27.1 27.2 Why are metals heat treated? Answer. Metals are heat-treated to effect metallurgical changes that beneficially alter properties. Identify the important reasons why metals are annealed. Answer. The purposes of annealing include (1) to control properties, (2) to reduce brittleness and improve toughness, (3) to recrystallize cold-worked metals, and (4) to relieve stresses from prior metalworking. 27.3 What is the most important heat treatment for hardening steels? Answer. The most important heat treatment for steels is martensite formation by heating steel into the austenite region and quenching. 27.4 What is the mechanism by which carbon strengthens steel during heat treatment? Answer. When steel containing carbon is heat-treated, martensite is formed which is a hard and brittle non-equilibrium phase of steel. The extreme hardness of martensite results from the

lattice strain created by carbon atoms trapped in the body-centered tetragonal structure, thus providing a barrier to slip.

27.5 What information is conveyed by the TTT curve? Answer. The time-temperature-transformation (TTT) curve indicates what phases in the iron-carbon phase diagram will be produced under various conditions of cooling. 27.6 What function is served by tempering? Answer. Tempering involves heating and soaking of martensite for about one hour at a temperature below the austenitizing region, followed by slow cooling to reduce brittleness, relieve stresses, and increase toughness and ductility. 27.7 Define hardenability. Answer. Hardenability is the relative capacity of a steel to be hardened by transformation to martensite. 27.8 27.9 Name some of the elements that have the greatest effect on the hardenability of steel. Answer. Important hardenability elements are chromium, manganese, molybdenum, and nickel. Indicate how the hardenability alloying elements in steel affect the TTT curve. Answer. The hardenability alloying elements operate by pushing the nose of the TTT curve to the right, thereby permitting slower cooling rates for conversion of austenite to martensite. 27.10 Define precipitation hardening. Answer. Precipitation hardening is a heat treatment in which very fine particles (precipitates) are formed so that dislocation movement is blocked and the metal is thus strengthened and hardened. 27.11 How does carburizing work? Answer. Carburizing adds carbon to the surface of low-C steel, thereby transforming the surface into high-C steel for greater hardening potential.

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Solutions for Fundamentals of Modern Manufacturing, 4/e (published by Wiley) MPGroover 2010 01-11-09, 01-11-09

27.12

Identify the selective surface-hardening methods. Answer. The selective surface-hardening methods include flame hardening, induction hardening, high-frequency (HF) resistance heating, electron beam (EB) heating, and laser beam (LB) heating.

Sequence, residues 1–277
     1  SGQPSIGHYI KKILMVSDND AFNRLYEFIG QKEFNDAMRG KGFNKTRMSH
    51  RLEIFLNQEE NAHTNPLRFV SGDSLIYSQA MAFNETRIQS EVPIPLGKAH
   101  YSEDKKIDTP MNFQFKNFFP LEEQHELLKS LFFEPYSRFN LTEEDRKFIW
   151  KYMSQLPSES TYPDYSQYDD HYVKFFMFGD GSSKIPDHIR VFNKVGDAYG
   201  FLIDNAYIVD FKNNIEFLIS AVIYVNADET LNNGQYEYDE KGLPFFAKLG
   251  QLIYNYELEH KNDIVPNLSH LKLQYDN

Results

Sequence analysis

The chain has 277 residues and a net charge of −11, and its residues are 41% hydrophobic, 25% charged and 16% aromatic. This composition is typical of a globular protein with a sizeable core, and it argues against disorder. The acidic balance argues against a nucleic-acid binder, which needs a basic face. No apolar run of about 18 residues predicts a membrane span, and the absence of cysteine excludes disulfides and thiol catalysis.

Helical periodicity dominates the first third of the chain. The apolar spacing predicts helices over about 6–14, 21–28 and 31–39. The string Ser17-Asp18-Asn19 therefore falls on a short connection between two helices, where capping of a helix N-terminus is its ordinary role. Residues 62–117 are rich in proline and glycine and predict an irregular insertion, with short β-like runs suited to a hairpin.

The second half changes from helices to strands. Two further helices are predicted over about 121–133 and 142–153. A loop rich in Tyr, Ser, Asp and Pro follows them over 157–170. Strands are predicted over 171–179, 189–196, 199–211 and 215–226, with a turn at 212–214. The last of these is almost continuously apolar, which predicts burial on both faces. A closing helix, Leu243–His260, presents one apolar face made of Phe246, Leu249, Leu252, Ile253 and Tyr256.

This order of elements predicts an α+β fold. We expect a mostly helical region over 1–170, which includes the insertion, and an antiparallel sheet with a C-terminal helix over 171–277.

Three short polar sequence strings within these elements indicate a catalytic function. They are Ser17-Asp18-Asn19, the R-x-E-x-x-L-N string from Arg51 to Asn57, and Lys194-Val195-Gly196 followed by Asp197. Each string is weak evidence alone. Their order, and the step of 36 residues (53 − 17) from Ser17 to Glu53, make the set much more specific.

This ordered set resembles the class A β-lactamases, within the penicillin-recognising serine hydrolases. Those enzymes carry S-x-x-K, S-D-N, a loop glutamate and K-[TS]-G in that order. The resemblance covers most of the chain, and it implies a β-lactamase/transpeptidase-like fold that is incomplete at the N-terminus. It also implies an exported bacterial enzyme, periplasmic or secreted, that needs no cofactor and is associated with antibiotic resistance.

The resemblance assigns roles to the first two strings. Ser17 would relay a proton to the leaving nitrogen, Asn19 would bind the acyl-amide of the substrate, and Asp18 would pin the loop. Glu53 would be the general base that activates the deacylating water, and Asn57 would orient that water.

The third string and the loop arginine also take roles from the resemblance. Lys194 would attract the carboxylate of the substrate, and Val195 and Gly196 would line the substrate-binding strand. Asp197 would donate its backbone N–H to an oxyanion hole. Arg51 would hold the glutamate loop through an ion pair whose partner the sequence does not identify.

27.13

(Video) List three properties of ferrite at room temperature. Answer: At room temperature, ferrite is body centered cubic structure, relatively soft, magnetic, and has almost 0% carbon content.

27.14

(Video) How does austenite differ from ferrite? Answer: Austenite exists at higher temperatures than ferrite. At low carbon levels, steel contains mostly ferrite. As the temperature increases, more of structure converts to austenite. Austenite is a face-centered cubic structure, whereas ferrite is a body centered cubic structure.

**Multiple Choice Quiz
**

There are 12 correct answers in the following multiple choice questions (some questions have multiple answers that are correct). To attain a perfect score on the quiz, all correct answers must be given. Each correct answer is worth 1 point. Each omitted answer or wrong answer reduces the score by 1 point, and each additional answer beyond the correct number of answers reduces the score by 1 point. Percentage score on the quiz is based on the total number of correct answers. 27.1 Which of the following are the usual objectives of heat treatment (three best answers): (a) increase hardness, (b) increase melting temperature, (c) increase recrystallization temperature, (d) reduce brittleness, (e) reduce density, and (f) relieve stresses? Answer. (a), (d), and (f). 27.2 Of the following quenching media, which one produces the most rapid cooling rate: (a) air, (b) brine, (c) oil, or (d) pure water? Answer. (b). 27.3 On which one of the following metals is the treatment called austenitizing be performed: (a) aluminum alloys, (b) brass, (c) copper alloys, or (d) steel? Answer. (d). 27.4 The treatment in which the brittleness of martensite is reduced is called which one of the following: (a) aging, (b) annealing, (c) austenitizing, (d) normalizing, (e) quenching, or (f) tempering? Answer. (f). 27.5 The Jominy end-quench test is designed to indicate which one of the following: (a) cooling rate, (b) ductility, (c) hardenability, (d) hardness, or (e) strength? Answer. (c). The reader might be tempted to select (d) because the Jominy test plots hardness as a function of distance from the quenched surface of the test specimen. However, the reason for measuring hardness in the Jominy test is to indicate hardenability. 27.6 In precipitation hardening, the hardening and strengthening of the metal occurs in which one of the following steps: (a) aging, (b) quenching, or (c) solution treatment? Answer. (a). 27.7 Which one of the following surface-hardening treatments is the most common: (a) boronizing, (b) carbonitriding, (c) carburizing, (d) chromizing, or (e) nitriding? Answer. (c).